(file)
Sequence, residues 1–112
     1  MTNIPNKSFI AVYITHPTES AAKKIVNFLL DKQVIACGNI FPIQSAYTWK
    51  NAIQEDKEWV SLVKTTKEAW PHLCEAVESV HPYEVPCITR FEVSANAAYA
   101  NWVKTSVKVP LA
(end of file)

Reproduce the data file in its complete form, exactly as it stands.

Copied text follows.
Sequence, residues 1–112
     1  MTNIPNKSFI AVYITHPTES AAKKIVNFLL DKQVIACGNI FPIQSAYTWK
    51  NAIQEDKEWV SLVKTTKEAW PHLCEAVESV HPYEVPCITR FEVSANAAYA
   101  NWVKTSVKVP LA